From September 26 to September 29, over four hundred drug policy reform advocates gathered in Arlington, Virginia for the 2014 Students for Sensible Drug Policy (SSDP) Conference and Lobby Day. Not only were student chapters from across the United States present, representatives from Canadian Students for Sensible Drug Policy (CSSDP), SSDP Ireland, and SSDP UK were also in attendance. Passionate students, SSDP alumni, and professionals came together to share a weekend filled with interesting discussions, thought provoking ideas, and new connections.
Although there was a great deal of variety in the topics covered by breakout sessions and keynote speakers, a significant portion understandably focused on the rising United States cannabis industry. Many of the students in attendance were interested in entering this field post-graduation and therefore valued the opportunity to learn more about the cannabis industry and strategies for increasing their employability in the field. Moreover, the campaigns many SSDP chapters are currently working on involve cannabis, such as the medicinal marijuana campaign in Florida. Hence, a focus on cannabis was very relevant and timely to many of the attendees.
Nevertheless, by including many sessions and speakers on other issues, SSDP ensured that students understood that drug policy reform is about much more than cannabis. The title of one of their panels put it nicely – “We’re not done yet! The importance of activism in the age of legalization.” Nightlife harm reduction, discrimination, decriminalisation, and gender were just some of the other issues covered during the conference. The conference also catered to its audience by hosting numerous panels and speakers on the topic of maximizing chapter effectiveness, including how to best use the media and how to ensure success despite a difficult administration.
One of the most compelling elements of the 2014 SSDP Conference was the number of SSDP alumni speaking on panels. This should not be surprising given that SSDP has been active for eighteen years. Nevertheless, listening to the SSDP alumni discuss their fields of work provided student attendees with an understanding of the variety of jobs available and the many different components of drug policy. For example, during a session on harm reduction and homelessness, James Kowalsky, an alumni of the Northwestern SSDP chapter that now works as an outreach worker at Heartland Health Outreach, discussed the “housing first” model of harm reduction. He noted that for approximately 20% of homeless individuals, it is very difficult to find housing because of their mental health and substance use issues, chronic health conditions, and histories of incarceration. The traditional model of housing in the United States requires individuals to show they are “housing ready” by progressively moving up the chain of housing (from night shelters to transitional housing units to independent apartments). This creates a model in which individuals have to jump through hoops to get housing, despite the fact that housing is supposed to be a human right. The housing first model addresses this problem by having low threshold admissions, reduced service requirements, and harm reduction policies and practices in place (such as wet houses). James Kowalsky explained that the rationale behind this approach is that if we increase people’s access to housing, we can improve health outcomes, and therefore incur cost savings. By providing people with housing, we can give them the stability necessary to make more proactive choices about their health and the way they engage with the health care system. By speaking on this panel, James Kowalsky not only showcased the kind of work an SSDP alumni can do, he also exposed attendees to a model of harm reduction that most of them were unfamiliar with.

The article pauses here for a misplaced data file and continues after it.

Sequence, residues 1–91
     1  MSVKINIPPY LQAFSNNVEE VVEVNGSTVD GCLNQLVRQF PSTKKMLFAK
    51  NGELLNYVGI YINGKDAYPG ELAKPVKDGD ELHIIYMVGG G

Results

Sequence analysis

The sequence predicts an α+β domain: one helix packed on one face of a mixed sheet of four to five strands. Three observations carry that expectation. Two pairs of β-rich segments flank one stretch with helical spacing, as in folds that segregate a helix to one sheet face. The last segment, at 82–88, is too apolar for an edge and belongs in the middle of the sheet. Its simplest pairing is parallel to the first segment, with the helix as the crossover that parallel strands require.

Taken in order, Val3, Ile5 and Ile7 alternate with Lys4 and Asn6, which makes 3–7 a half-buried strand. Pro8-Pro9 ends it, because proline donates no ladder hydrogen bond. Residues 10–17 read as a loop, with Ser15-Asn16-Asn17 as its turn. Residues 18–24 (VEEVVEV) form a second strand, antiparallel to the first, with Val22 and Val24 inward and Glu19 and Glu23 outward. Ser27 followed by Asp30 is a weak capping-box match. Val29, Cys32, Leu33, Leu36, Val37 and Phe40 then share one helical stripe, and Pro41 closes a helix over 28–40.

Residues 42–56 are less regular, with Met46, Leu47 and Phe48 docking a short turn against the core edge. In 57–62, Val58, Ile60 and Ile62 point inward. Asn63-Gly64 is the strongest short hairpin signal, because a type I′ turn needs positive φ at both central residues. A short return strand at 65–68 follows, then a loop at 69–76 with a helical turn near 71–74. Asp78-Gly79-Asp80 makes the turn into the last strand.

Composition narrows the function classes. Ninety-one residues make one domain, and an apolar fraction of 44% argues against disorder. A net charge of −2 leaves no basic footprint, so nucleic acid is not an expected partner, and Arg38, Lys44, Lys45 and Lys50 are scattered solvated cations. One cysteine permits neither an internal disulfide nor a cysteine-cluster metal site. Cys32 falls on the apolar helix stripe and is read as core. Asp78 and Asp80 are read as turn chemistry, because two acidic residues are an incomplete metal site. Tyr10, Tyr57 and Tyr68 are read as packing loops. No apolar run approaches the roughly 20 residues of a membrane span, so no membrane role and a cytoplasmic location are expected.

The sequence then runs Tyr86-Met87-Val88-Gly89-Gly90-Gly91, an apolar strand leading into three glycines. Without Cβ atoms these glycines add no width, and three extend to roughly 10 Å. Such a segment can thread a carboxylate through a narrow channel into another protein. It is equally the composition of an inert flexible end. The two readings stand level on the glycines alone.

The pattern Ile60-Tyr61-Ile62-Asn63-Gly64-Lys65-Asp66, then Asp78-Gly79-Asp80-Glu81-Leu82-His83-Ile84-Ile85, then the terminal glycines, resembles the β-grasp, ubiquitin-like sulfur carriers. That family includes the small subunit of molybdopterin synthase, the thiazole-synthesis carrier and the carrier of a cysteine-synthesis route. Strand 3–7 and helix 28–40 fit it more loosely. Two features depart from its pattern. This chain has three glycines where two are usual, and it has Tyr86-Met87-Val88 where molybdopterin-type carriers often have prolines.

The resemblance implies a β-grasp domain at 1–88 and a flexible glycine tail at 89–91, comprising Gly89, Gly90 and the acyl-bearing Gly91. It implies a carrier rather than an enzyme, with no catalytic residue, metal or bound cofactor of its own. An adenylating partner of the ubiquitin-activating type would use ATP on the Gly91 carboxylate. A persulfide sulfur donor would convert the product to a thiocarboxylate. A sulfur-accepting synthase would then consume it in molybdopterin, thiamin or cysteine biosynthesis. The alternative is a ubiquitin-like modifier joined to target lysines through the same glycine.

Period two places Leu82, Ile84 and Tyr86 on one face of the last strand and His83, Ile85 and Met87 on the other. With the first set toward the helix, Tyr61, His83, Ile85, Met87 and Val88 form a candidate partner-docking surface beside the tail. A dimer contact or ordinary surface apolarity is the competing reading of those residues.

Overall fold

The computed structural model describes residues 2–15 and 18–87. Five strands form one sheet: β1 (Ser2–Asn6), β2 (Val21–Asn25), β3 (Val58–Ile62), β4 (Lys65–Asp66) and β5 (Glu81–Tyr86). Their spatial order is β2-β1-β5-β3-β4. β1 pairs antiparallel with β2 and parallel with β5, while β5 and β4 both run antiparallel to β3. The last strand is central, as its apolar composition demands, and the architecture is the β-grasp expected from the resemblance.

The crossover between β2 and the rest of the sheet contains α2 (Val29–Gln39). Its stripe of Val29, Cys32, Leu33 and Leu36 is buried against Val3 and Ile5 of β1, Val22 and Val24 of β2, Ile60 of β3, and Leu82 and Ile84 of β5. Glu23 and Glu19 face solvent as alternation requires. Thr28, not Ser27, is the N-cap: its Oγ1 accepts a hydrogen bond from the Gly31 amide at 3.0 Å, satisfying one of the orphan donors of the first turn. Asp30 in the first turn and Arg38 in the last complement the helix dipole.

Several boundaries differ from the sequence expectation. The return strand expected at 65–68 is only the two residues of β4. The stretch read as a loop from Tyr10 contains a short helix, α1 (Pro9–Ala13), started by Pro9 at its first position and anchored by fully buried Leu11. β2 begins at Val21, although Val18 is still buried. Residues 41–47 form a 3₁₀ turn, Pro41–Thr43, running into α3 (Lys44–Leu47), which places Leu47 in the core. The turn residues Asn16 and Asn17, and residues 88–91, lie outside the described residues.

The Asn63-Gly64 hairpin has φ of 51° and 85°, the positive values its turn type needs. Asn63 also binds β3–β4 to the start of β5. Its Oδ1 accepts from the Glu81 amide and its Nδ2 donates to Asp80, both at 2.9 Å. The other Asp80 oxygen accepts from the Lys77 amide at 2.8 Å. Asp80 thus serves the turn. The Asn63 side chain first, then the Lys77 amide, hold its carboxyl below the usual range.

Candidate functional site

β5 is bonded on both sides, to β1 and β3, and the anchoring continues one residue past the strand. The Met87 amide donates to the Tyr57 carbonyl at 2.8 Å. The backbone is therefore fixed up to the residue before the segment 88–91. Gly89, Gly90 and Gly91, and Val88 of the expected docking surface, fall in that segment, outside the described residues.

Another interesting characteristic of the conference was the presence of attendees from different political ideologies. For example, having both Republican and libertarian speakers on a particular panel led to disagreements during the question and answer period, particularly on the increasing use of drug courts in the United States. However, bringing together different political ideologies was especially effective in demonstrating to attendees how to best frame arguments in a way that is persuasive to conservative audiences. Lauren Galik from Reason Foundation noted that in conservative states, persuasive arguments include saving tax dollars, enhancing public safety, and the importance of federalism/state experimentation.
The 2014 SSDP Conference and Lobby Day not only left students energized and inspired, it also allowed them the opportunity to put their knowledge and skills to good use. Students spent their last day meeting with elected officials in Washington D.C. and urging them to support two important pieces of federal legislation, specifically the Smarter Sentencing Act and the Respect State Marijuana Laws Act. The former piece of legislation aims to reduce prison costs and populations by creating fairer, less costly minimum terms for nonviolent drug offenders. The latter addresses the country’s contradiction regarding cannabis laws by creating an exemption in the Controlled Substances Act for anyone acting in compliance with state marijuana laws. By mobilizing students and having them participate in direct political advocacy, SSDP was able to accomplish much more than a traditional conference!
Watch the video below to find out even more about the 2014 SSDP Conference and Lobby Day.
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